Chicken is such a popular ingredient due to the variety of ways it can be seasoned and prepared, and because it goes with almost any side dish. One of the healthiest ways you can prepare chicken is to bake it. Baked chicken is much better for you than fried chicken or even pre–packaged chicken products like nuggets and patties.
The key to great baked chicken is not in the seasonings, not in the flavorings, and not in the side dishes you choose to pair it with. The real secret is to cook it properly.
Cuts of Meat
When it comes to chicken, there are two distinct types of meat. The white meat comes from the breast; it’s leaner and therefore is more in danger of drying. The white meat requires particular attention when baking, and is best done when using a sauce or when wrapped around something a cheesy filling such as with chicken cordon bleu.
The dark meat comes from the thigh, legs, and wings; it’s able to keep moister than white meat, so baking it is a much better bet. Because it is fattier, it tends to have more drippings, so it’s best elevated on a rack.
White meat and dark meat take different times to cook in the oven, so they should not be baked together in the same tray.
Boneless breast meat should be baked in a 350-degree oven. A lot depends on the thickness of the cut of the breast, but a 4 oz thick piece can take about 20 minutes. After 20 minutes, a probe thermometer should be inserted into the thickest part of the breast.
When the breast reaches an internal temperature of 160, remove it from the oven and allow carry–over heat to bring it up to 165.
Chicken thighs will require about 30 to 40 minutes to reach an internal temperature of 165, depending on the thickness. Generally, thighs take the longest.
Remove the chicken from the oven and allow carry–over heat to bring it up to 170.
If you are determined to cook your chicken dark and light meat together, let the dark meat get started about 10 to 15 minutes ahead of time, then open the oven and add the breasts. They should finish close to each other.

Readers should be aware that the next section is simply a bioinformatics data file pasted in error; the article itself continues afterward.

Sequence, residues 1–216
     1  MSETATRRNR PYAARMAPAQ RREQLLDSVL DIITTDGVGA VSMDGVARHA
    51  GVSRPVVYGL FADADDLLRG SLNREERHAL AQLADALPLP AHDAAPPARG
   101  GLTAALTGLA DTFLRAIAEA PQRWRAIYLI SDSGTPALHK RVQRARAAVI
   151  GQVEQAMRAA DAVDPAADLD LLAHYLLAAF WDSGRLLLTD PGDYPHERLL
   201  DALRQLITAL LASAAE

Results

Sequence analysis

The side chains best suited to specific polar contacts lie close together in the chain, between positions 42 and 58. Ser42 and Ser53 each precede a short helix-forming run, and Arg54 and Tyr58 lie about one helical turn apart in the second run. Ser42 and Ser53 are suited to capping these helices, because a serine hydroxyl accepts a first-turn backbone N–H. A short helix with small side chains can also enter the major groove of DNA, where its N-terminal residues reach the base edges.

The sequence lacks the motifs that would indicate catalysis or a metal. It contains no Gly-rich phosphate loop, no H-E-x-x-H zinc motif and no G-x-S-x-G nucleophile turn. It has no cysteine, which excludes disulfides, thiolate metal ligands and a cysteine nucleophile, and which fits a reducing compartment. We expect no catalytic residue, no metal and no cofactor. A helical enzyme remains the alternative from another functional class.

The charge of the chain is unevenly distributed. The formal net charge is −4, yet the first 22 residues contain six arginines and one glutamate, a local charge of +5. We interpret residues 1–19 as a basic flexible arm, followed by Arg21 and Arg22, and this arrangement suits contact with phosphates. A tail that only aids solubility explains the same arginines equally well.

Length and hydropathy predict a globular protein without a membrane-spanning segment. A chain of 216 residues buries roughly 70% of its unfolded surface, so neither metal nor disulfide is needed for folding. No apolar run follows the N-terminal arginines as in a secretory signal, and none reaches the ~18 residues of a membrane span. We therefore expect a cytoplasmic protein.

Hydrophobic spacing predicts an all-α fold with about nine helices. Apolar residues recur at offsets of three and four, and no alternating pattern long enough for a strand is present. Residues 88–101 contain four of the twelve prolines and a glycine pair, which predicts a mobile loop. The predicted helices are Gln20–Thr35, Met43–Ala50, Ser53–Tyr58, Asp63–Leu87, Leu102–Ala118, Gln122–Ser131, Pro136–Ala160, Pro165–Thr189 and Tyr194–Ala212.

It is not advisable to start them together and remove the breasts when they’re done, as the uncooked juices from the dark meat can contaminate them. Safety first!
Adding More Flavor
Instead of just putting the boneless chicken in the oven, why not give it more flavor?
One option is to bring it. A brine is a salt–water solution (sometimes with sugar or honey added, as well as flavorful dried, ground herbs) that you soak the chicken in for 8 hours before baking. Brines help keep birds moist and juicy while seasoning your bird at the same time.
Another option is a marinade, which is an acidic-based liquid such as lemon, orange, vinegar, or whine, mixed with seasonings and possibly some oil. Because of the acid, chicken parts should not spend more than 4 hours in a marinade or it can ruin the texture of the meat, but even 30 minutes is okay.
Finally, you can simply season your chicken with dry or fresh herbs, such as garlic, rosemary, thyme, chili powder, or curry. If you like, you can also baste it with tomato sauce, duck sauce, fruit juices, or even honey.
Experiment with different flavors to arrive at combinations your family likes—but you’ll find that as long as you cook your chicken correctly, you’ll get far fewer complaints.
If you want a fool–proof method for moist, tasty boneless chicken, try cooking it in a foil pouch.
Just spread a piece of foil on the counter and lay one or two pieces of chicken upon it. Sprinkle with salt, pepper, and your favorite seasonings. Add a small pat of butter or a splash of olive oil if you like.
Fold up the foil so that it forms a sealed pouch around the chicken, and place it in a baking tray. The foil keeps the moisture in to ensure the chicken stays juicy. You can even add a scoop of frozen or chopped fresh vegetables in there for a more complete meal.
This is a great option for families who have people with different tastes— one person may like lemon pepper chicken, another may like barbecue sauce style, still, another might like Hawaiian style with pineapple chunks. You can bake all three kinds together— each in their individual pouches— at once in the same tray.